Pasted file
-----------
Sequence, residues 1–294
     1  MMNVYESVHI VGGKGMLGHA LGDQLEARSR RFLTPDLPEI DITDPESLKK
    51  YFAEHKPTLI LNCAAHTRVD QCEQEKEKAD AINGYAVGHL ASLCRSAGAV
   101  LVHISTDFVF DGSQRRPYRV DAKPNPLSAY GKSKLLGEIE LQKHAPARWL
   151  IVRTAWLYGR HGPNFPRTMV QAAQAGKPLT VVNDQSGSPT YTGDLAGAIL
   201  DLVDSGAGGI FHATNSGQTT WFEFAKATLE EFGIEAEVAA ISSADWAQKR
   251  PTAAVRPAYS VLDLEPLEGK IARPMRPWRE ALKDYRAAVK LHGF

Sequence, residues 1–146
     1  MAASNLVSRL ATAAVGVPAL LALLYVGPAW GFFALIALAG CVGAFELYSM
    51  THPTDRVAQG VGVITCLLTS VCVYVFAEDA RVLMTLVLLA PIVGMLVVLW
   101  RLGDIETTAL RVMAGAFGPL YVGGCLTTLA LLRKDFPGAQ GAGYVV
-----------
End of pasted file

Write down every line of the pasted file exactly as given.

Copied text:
Sequence, residues 1–294
     1  MMNVYESVHI VGGKGMLGHA LGDQLEARSR RFLTPDLPEI DITDPESLKK
    51  YFAEHKPTLI LNCAAHTRVD QCEQEKEKAD AINGYAVGHL ASLCRSAGAV
   101  LVHISTDFVF DGSQRRPYRV DAKPNPLSAY GKSKLLGEIE LQKHAPARWL
   151  IVRTAWLYGR HGPNFPRTMV QAAQAGKPLT VVNDQSGSPT YTGDLAGAIL
   201  DLVDSGAGGI FHATNSGQTT WFEFAKATLE EFGIEAEVAA ISSADWAQKR
   251  PTAAVRPAYS VLDLEPLEGK IARPMRPWRE ALKDYRAAVK LHGF

Sequence, residues 1–146
     1  MAASNLVSRL ATAAVGVPAL LALLYVGPAW GFFALIALAG CVGAFELYSM
    51  THPTDRVAQG VGVITCLLTS VCVYVFAEDA RVLMTLVLLA PIVGMLVVLW
   101  RLGDIETTAL RVMAGAFGPL YVGGCLTTLA LLRKDFPGAQ GAGYVV